Role of cortisol can also be understood by its action on GABA receptors [57]. Cortisol metabolites have directly antagonistic effect on the GABAA receptor at physiological concentration as shown in animal model [58]. GABAergic interneurons are core component to corticolimbic circuitry. They provide both inhibitory and disinhibitory modulation of cortical and hippocampal circuits and contribute to the generation of oscillatory rhythms, discriminative information processing and gating of sensory information within the corticolimbic system. Disturbance in these functions is shown in schizophrenia [59].

Findings of present study should be viewed in light of some limitations. First, single blood hormonal measurement was taken which does not detect possible diurnal variation in hormone levels. Second, since all patients were receiving antipsychotics, such medication may have influenced HPA axis function as has been demonstrated [60,61]. Although a recent study by Hori H et al. [62] did not find any significant correlations between antipsychotic dosage and hormonal measures. Finally, HPA axis abnormalities have been reported in a variety of psychiatric disorders, therefore, it is not known whether the altered cortisol level and cortisol/DHEAS ratio observed here represent schizophrenia-specific HPA axis dysfunction or rather a common HPA axis alteration in relation to stressful conditions in general.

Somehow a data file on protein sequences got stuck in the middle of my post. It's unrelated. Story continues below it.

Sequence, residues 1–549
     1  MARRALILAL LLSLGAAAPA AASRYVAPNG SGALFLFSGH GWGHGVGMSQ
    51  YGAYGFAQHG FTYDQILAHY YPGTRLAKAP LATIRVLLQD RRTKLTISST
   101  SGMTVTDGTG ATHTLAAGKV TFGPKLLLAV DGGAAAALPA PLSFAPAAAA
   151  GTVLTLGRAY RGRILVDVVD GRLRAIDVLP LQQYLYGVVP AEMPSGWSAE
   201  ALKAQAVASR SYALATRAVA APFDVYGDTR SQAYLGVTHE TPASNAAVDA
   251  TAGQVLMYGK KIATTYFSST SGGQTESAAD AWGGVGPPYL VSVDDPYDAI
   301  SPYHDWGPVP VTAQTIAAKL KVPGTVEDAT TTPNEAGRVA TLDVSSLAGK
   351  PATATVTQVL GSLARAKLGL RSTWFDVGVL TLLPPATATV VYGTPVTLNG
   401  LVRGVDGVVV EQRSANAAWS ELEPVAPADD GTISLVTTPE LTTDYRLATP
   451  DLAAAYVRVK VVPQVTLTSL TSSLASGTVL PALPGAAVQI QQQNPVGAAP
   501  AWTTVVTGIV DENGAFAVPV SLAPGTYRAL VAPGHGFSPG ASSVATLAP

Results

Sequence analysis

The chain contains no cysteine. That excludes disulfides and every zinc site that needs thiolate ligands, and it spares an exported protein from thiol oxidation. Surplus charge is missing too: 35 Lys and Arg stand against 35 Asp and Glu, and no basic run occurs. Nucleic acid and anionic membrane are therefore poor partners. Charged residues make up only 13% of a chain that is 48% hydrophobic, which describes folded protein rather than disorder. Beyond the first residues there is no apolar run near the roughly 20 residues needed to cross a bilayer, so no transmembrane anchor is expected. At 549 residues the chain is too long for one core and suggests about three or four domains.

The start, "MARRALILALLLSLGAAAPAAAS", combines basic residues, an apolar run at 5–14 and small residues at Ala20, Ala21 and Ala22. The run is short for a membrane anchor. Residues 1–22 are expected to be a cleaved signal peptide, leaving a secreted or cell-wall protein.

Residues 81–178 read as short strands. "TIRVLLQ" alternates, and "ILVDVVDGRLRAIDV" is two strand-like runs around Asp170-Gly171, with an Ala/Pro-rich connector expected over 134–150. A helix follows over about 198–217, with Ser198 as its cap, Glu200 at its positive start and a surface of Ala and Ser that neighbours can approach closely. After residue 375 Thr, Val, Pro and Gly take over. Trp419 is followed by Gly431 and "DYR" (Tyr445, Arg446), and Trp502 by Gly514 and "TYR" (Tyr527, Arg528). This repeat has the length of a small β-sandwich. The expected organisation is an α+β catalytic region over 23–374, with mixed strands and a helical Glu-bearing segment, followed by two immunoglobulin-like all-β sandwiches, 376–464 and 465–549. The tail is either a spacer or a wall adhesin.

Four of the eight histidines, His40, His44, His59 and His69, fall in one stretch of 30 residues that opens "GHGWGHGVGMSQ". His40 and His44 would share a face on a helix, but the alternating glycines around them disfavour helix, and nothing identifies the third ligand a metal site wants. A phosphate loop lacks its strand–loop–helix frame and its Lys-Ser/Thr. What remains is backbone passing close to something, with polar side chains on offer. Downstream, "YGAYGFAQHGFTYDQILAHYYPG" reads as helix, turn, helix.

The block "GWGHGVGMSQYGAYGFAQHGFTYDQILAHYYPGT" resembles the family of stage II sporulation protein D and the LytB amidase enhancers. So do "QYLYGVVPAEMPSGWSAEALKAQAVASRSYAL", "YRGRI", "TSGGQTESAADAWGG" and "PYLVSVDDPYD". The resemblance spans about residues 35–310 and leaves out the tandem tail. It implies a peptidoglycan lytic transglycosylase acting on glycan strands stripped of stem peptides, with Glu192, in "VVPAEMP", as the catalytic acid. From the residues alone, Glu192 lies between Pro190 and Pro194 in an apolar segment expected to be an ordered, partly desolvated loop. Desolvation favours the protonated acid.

The present study found that HPA axis function in schizophrenia is altered. Future longitudinal studies are needed to disentangle the baseline and feedback components of the HPA axis alteration in schizophrenia.


We express our sincere thanks to the Psychiatric Department, S.M.S. Medical College and Hospital, Jaipur, India for providing their help in above study.

Conflict of Interest

The authors declare that there is no conflict of interest that could be perceived as prejudicing the impartiality of the research reported.

Funding Source

This research did not receive any specific grant from any funding agency.